U.S. home prices increased 0.8 percent month-over-month in July – which was much lower (relatively speaking) than June’s 1.2 percent month-over-month home price increase, but equal to the average monthly home price gain over the last year.
While U.S. home prices aren’t rising as fast as they were in Spring 2013, when home prices looked like they’d been “hit with a booster rocket,” still 97 of the country’s 100 largest metros have posted year-over-year price gains, and 94 metros have experienced quarter-over-quarter gains.
Importance of Job Growth Rises as “Rebound Effect” Wanes
For the first time in two years, none of the 100 largest U.S. metros saw a year-over-year price increase higher than 15 percent. This deceleration of home prices is largely due to the waning of the post-housing-market bust “rebound effect,” where buyers and institutional investors snapped up bargains, causing home values to get some much-needed appreciation. As these bargains have disappeared from local housing markets, the rebound effect has slowed – or even reversed!
It is now up to job growth, not the rebound effect, to drive home prices upward. Increasing the number of jobs in any given market, and therefore the aggregate income of the consumers living in that market, is a far more sustainable way to improve real estate prices there. As you can see below, markets with faster job growth tend to have higher gains in home asking prices.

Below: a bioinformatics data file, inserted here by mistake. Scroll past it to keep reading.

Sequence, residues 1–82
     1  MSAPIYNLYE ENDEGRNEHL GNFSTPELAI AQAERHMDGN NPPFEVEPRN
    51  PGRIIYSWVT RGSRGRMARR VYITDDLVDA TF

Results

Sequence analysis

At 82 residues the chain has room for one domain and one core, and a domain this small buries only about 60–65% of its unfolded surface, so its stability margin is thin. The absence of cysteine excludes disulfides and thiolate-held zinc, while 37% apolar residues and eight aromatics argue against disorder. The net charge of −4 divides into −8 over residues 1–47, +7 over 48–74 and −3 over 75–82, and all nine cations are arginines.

Rents Also Boosted by Job Growth in Large Markets
U.S. rental prices increased 6.1 percent year-over-year in July, and jumped more than 10 percent in five metros. As with housing prices, rents are currently rising faster in markets with strong job growth.
Unlike U.S. home prices, rental prices have not experienced a “rebound effect” in the metros that were hit hard during the 2007-2008 housing market collapse, and these areas have not necessarily experienced bigger rent increases recently. Rents are also unlike home prices in that they are currently rising faster in high-density metros, like San Francisco and Miami, than in less-dense metros, like Houston and Minneapolis.
Here are the changes in rental prices since July 2014 and in jobs since December 2013 for the 10 largest U.S. rental markets:
Takeaway for Real Estate Professionals
If your market was hit hard when the housing bubble burst, but has since experienced strong home price gains, don’t expect local home prices to continue to rise rapidly unless your market also has strong job growth. The U.S. housing market is normalizing as the post-bubble “rebound effect” subsides.
Also, rents are rising faster than home prices in the country’s largest rental markets. This makes it increasingly attractive for consumers to buy real estate in those markets. If you operate in San Diego, Seattle, Atlanta or another major rental market, tailor your marketing materials to address the rising costs of renting and the benefits of being a homeowner over being a renter.
This is a summary of a Trulia Trends blog post. Click here to read “Home Price Gains Now Driven More By Jobs Than By Rebound Effect.”
This article contains data from the Trulia Price Monitor and Trulia Rent Monitor. They are the earliest leading indicators of how asking prices and rents are trending nationally and locally.